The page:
Goldfarb and Tankersley note that, in order to save the "safety net" payouts, the feds "might have to suspend all federal salaries and benefits and veterans benefits, as well as operations of the Justice Department, the Energy Department, the FAA, the Environmental Protection Agency and other agencies." But with rights-violating safety net payouts cut by 30% across the board, funding for rights-protecting functions associated with the military and the Justice Department could be preserved. Instead, the Departments of Energy and Environmental Protection could be suspended, along with other departments like Education and Agriculture. 

As to the FAA, the funding for much of what it does, like air traffic control, can be permanently picked up by the airline industry and its customers. Whey should the non-flying public be subsidizing the flying public like vacationers and business travelers?

One area ripe for spending cuts has to be corporate subsidies like those handed out for so-called "clean energy." The fed prioritizers should find choice pickings in corporate welfare.

This is just a sampling of what can be done to adjust to smaller, but nowhere near laissez-faire, government. There is so much government spending that violates the principle of rights protection that the cuts listed above represents only a down payment on what adhering to proper principles of government would require. 

Of course, this is all hypothetical. In today's political environment, the Republicans will cave in, lacking as they do the required philosophical firepower. (They are actually welfare statists, which is why their budget strategy is, I believe, a bad one and doomed to fail.) The cuts will be restored, and the government will resume its growth. But let's imagine, just as an exercise in "what if?", that the government must suddenly stop borrowing because no debt ceiling increase can be agreed upon.

Sure, there may be a sharp, short-term economic correction resulting from the sudden curtailment of government spending. But the contraction, if it happens at all, will be followed inexorably by a monumental economic boom, just like after World War II. Why? Because, contrary to Keynesian statists, the government can't create wealth out of thin air, like some sort of giant tooth fairy. It gets it money from productive private individuals. Every dollar the government doesn't spend will be one more dollar the private sector has to dispose of; which means another dollar used by the people who earn it to better their own lives by their own efforts, rather than to finance cronyism and subsidize un-productiveness and sloth.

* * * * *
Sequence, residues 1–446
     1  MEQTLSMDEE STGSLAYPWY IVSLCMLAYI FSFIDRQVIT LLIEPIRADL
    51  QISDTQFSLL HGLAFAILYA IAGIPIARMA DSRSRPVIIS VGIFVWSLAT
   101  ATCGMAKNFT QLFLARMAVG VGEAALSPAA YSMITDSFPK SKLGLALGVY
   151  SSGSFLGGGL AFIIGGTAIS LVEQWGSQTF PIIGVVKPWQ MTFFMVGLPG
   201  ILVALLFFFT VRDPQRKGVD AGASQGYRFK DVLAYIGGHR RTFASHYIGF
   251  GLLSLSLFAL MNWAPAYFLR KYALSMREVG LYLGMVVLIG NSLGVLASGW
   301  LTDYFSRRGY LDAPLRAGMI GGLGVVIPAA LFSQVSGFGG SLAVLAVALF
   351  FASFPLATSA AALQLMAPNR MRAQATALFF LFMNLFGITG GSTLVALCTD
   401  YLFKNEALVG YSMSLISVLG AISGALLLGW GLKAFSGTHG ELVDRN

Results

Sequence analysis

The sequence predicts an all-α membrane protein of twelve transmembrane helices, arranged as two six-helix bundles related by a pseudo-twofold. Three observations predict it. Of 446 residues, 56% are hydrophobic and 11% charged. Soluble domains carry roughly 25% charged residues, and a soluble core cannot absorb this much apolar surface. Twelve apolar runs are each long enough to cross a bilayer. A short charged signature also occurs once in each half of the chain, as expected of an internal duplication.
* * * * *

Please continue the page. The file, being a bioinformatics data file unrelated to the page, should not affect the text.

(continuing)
And sure, there will be a substantial reallocation of resources, resulting in many businesses and individuals dependent on government spending facing declining sales and loss of jobs. Their pain will be real, but new businesses and new jobs will emerge to take up the slack. The businessmen and workers will find new opportunities. 

Modern welfare states are in deep trouble, and Americans suddenly have an opportunity to head off the inevitable before it's too late. Call it "tough love." Call it the "meat ax"  approach. Call it what you want. But if the budget impasse continues and the government runs into a borrowing wall, we will find that the country can survive and adjust to smaller government, and be better off in terms of prosperity as private enterprise flourishes due to less private-sector wealth being seized by government.

Longer term, of course, setting America on a permanent course toward more prosperity and liberty is fundamentally a philosophical task of educating people on individual rights and capitalism. But the current budget drama, once it passes, could, and should, be a chance for Americans to start to reexamine the direction our country has been moving—toward more and more dependence on bigger and bigger government—and do something to start taking back control of our lives, property, and long-term financial security. Americans should look at the areas of "economic pain" and ask: Why and how did so many Americans' well-being get chained to the political class for its funding? 

Related Reading:

How About: Hands Off Our Money and Our Choice?

From Middle Class to Welfare Class

Sequestration"—A "Teachable Moment"

No comments: